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What you need to know for 01/21/2018

Clifton Park seeks grant for park planning

Clifton Park seeks grant for park planning

Town expects to spend upwards of $350K on new park
Clifton Park seeks grant for park planning
A view of the undeveloped parcel of land Clifton Park bought from Shenendehowa schools, seen in September 2016.
Photographer: Gazette file photo

CLIFTON PARK — Clifton Park is seeking federal funds to offset the cost of planning a 37-acre park to be built on land the town is buying from the Shenendehowa Central School District.

The land has been the subject of controversy over the past year, but on Dec. 5, district residents approved the sale of the undeveloped parcel off Maxwell Road for just over $1 million. 

The vote came eight months after residents soundly rejected a proposal to sell the land for more money to a developer.

The Town Board unanimously passed a resolution Monday that gave the go-ahead to submit an application for a $60,000 Community and Transportation Linkage Planning Program grant, taking the first step toward turning the land into a public park.

The grant program, which is run through the Capital District Transportation Committee, provides federal funding to municipalities for multi-mode transportation improvements.

The town plans to put the grant funds, if awarded, toward the projected $90,000 cost to hire a consulting firm to help plan the park, according to Clifton Park Supervisor Phil Barrett.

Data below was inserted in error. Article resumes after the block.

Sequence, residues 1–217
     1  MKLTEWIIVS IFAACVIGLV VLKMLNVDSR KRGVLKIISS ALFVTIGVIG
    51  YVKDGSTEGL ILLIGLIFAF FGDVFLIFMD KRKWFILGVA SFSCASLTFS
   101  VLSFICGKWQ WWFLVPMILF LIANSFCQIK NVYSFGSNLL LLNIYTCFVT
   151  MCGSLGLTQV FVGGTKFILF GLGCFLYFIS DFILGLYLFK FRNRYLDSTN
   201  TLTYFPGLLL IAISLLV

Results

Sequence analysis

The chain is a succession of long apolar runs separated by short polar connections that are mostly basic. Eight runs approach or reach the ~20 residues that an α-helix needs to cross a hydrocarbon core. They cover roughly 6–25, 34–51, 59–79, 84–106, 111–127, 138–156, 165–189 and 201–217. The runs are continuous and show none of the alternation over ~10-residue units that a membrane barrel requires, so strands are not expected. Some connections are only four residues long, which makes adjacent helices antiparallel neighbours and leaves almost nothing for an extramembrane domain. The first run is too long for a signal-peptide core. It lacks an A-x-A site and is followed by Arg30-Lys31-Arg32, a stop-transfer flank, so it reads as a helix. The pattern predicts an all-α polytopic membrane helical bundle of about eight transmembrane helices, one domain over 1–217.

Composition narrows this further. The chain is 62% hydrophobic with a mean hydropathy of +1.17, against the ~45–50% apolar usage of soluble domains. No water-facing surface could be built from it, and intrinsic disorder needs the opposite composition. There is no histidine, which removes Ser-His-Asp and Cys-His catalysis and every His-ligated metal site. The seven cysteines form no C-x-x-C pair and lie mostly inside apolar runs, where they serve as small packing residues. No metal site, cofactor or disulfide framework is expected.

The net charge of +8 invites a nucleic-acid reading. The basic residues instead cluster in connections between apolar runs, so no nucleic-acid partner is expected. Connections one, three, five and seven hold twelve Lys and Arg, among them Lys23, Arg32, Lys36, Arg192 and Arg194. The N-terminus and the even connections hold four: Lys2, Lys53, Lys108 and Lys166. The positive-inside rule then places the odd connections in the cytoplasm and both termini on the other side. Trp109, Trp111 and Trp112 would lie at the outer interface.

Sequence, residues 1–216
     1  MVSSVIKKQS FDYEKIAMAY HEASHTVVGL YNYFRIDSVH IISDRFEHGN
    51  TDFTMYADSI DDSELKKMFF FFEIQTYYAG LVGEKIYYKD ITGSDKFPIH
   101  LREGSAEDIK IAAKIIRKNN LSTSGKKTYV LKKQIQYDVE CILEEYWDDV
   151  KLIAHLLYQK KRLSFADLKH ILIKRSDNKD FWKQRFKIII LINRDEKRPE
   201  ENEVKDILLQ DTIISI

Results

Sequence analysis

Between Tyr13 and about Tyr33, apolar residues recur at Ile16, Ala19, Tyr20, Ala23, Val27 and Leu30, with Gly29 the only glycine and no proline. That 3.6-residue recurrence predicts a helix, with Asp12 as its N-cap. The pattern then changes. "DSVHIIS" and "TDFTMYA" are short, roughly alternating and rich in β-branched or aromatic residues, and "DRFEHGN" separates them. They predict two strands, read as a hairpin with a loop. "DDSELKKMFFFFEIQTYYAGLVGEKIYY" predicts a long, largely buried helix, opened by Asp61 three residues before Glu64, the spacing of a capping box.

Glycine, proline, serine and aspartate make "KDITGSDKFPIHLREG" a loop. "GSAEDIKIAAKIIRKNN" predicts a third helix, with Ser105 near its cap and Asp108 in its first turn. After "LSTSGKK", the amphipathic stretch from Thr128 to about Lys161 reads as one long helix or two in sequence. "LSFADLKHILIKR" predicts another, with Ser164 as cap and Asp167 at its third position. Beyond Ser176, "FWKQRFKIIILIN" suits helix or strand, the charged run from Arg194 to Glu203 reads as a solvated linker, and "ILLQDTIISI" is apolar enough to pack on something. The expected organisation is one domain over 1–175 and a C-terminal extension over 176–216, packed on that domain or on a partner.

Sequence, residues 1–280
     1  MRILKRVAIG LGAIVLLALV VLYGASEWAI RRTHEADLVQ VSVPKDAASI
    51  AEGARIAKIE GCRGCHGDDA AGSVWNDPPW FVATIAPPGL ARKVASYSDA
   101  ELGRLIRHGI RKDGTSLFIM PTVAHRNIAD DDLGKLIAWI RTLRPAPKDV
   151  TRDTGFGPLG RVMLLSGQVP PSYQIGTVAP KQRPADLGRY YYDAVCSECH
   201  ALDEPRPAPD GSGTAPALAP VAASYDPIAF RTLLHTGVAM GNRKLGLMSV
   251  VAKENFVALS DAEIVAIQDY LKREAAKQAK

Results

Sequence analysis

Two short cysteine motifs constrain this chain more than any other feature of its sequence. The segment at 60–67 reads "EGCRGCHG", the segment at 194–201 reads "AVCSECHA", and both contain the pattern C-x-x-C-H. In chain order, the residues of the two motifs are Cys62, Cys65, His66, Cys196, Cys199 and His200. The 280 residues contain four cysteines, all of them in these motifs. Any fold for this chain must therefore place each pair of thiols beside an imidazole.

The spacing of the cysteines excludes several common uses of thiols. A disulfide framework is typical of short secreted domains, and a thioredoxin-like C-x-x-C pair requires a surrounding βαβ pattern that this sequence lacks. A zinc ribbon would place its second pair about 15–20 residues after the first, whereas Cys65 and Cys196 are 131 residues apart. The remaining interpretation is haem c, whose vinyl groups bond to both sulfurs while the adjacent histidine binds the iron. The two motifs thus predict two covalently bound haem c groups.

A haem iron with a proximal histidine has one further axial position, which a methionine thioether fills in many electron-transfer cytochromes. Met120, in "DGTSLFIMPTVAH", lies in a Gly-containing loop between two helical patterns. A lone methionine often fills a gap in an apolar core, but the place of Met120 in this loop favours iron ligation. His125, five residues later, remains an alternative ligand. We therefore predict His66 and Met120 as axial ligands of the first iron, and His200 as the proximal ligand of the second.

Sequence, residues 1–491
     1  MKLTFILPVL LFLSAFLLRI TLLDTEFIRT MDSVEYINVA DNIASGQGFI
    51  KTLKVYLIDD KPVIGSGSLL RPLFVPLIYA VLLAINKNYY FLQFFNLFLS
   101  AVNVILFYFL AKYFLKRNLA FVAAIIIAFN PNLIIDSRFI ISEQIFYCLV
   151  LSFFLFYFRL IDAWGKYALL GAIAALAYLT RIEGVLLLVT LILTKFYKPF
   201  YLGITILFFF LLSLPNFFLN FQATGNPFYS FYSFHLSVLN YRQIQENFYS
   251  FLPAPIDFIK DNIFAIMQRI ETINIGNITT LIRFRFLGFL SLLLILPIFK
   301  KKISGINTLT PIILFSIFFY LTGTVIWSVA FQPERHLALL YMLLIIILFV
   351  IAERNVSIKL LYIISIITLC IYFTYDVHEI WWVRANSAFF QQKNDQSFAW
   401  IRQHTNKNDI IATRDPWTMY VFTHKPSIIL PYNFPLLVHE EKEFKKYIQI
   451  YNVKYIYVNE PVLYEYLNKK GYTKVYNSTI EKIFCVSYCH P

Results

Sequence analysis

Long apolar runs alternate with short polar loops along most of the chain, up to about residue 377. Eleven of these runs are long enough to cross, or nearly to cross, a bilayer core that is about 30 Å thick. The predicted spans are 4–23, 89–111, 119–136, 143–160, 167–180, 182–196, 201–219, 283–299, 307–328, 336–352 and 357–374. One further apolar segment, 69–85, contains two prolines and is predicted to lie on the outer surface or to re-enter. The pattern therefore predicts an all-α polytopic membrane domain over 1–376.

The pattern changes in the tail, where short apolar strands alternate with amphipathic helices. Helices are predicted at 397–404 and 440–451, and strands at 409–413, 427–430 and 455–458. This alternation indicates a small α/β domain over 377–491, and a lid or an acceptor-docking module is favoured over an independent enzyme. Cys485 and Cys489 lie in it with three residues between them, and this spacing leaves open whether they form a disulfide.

The grant application was submitted Friday, and the town expects to know by March whether it will get the funds. Early March is also when the planning process is expected to start, Barrett said. 

The town expects to cover the remaining $20,000 cost of planning, along with providing $10,000 worth of work by town employees to implement the plan. Clifton Park is also seeking $7,500 worth of CDTA staff assistance to analyze traffic and transportation options in the area.

In a memorandum of understanding between the town and the school district, the town pledged to provide between $300,000 and $350,000 toward the effort to turn the land into a public park. 

The planning process will include public hearings, at which residents will be able to voice opinions about how the park should be designed and used. 

Additionally, since the land is directly adjacent to Shatekon Elementary School, district officials, including Board of Education President Bill Casey and Superintendent L. Oliver Robinson will work with the town on plans for the park.

Barrett confirmed the town will continue to seek funding in the form of grants throughout the development process.

While Barrett could not provide a specific closing date for the sale of the land, he said it could be completed early next year, possibly next month.
 

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